ORLANDO, Fla – Universal Orlando is celebrating big this year with Mardi Gras 2021: International Flavors of Carnaval.
The beads were flying last weekend as the festival kicked off with some huge fanfare. This year is unlike any other time before, with the theme park offering more than 100 new food and beverage items inspired by Carnaval festivals that happen around the world. Not only that, for the first time the celebration and its food offerings are spanning across the resort at Universal CityWalk restaurants and select resort hotels.
The fun does not just stop at just the food and drinks. The resort is also bringing the jazz-inspired music and flare of The Big Easy and a number of authentic Mardi Gras designed floats to areas across the theme park. Keep those hands up and make some noise -- thousands of beads are also being tossed to revelers.
Something else that sticks out this year is the Mardi Gras Tribute Store.
I recently talked with one of the Tribute Store’s creators, as well as the head chef, about what guests can see as they step inside.
The Tribute Store is located in Universal Studios’ New York-themed area of the park, which is in between The Race through New York starring Jimmy Fallon and Revenge of the Mummy attractions. When guests enter this area, they will see the façade of the Tribute Store. A sign out front reads “Preservation Hall,” which was inspired by the 1920s building located in the French Quarter in New Orleans.
Rob Cametti, the director of visual merchandising at Universal Orlando, spoke outside the store Wednesday.
“There is a whole storyline for this whole space, and with other tribute stores in the past, it’s been this room is this, this room is that - but this one, from start to finish, there’s a continuous storyline,” Cametti described. “As we wrote the story and began presenting it, some people were asking who was going to know and understand the story? So we started adding little synopsis plaques, which tells a small bit of the story.”
As we made our way inside, he began to detail the atmosphere his team was trying to portray as guests step inside Preservation Hall. A coat check desk is among the first things guests see, along with a collage of jazz artist photographs and instrument carrying cases scattered throughout the floor.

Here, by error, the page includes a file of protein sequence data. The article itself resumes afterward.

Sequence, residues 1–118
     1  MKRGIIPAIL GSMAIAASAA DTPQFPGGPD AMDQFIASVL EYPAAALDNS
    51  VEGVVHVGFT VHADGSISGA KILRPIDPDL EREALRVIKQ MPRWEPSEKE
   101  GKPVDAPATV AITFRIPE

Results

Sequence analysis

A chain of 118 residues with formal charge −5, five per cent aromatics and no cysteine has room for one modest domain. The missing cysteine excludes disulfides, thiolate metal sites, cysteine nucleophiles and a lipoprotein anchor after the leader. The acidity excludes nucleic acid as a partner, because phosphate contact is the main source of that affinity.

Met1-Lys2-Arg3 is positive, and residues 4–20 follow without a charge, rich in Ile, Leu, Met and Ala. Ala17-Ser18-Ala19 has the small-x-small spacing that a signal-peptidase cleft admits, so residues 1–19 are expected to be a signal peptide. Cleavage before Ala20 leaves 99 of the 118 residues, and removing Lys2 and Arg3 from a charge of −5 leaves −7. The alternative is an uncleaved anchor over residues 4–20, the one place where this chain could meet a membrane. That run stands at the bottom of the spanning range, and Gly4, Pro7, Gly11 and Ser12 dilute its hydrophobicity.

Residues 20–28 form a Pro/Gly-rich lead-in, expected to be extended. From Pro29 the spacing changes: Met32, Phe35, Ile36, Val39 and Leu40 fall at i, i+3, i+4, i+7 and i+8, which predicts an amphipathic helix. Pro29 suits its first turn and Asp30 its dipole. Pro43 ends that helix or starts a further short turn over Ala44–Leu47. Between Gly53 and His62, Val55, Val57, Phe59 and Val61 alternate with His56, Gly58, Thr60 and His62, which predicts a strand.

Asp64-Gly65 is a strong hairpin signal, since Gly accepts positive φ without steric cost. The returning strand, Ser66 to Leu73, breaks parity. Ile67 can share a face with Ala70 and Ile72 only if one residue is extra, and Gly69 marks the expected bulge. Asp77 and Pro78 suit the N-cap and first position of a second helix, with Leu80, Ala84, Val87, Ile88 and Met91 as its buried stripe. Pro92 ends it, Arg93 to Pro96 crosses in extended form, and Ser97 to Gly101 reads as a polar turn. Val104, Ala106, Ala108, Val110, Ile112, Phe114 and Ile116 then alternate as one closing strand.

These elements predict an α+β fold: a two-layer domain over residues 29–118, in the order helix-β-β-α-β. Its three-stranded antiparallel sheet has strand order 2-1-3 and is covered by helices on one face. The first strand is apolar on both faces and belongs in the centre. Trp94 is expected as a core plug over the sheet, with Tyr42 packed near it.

“The musicians are coming out to play their gig for the night, and there really is no space for them to store their stuff, so they’ve taken their instrument out and put their cases down,” he said.
If guests listen closely, they can even hear the band warming up in the back before they head to the big party in the next room.
The second room we stepped into was called Bolden Hall. The room is packed with Mardi Gras masks and merchandise, two pianos and a center stage with instruments for the band, The Tributes.
Universal Orlando Tribute Store
“This room is modeled after, and really inspired by Buddy Bolden, who was credited for being one of the early inventors of Jazz in the 1800s,” Cametti explained.
He said that a photo of Bolden can be seen as guests enter this room. Another Tribute Store creator even placed their Easter egg of sorts in one area of the room near the back. “As we were setting up, he (the creator) sat on the stage over here with an instrument... and he made it up on the winning team (the wall),” Cametti laughed.
Inside this room, and new for this year, for just $30 guests can create their own vinyl record with their name on it. The disc is printed out at one of Universal’s stores and makes the ultimate keepsake. It can be picked up at the exit.
The jazz party spills into the next room, which is designed as an old New Orleans cemetery. The cemetery is darkly lit and has long vines and branches draped in Mardi Gras beads from revelers who just left the area.
Universal Orlando Tribute Store cemetery room
It’s also the first time we begin to see one of the two major themes creators wanted to bring to life: pirates.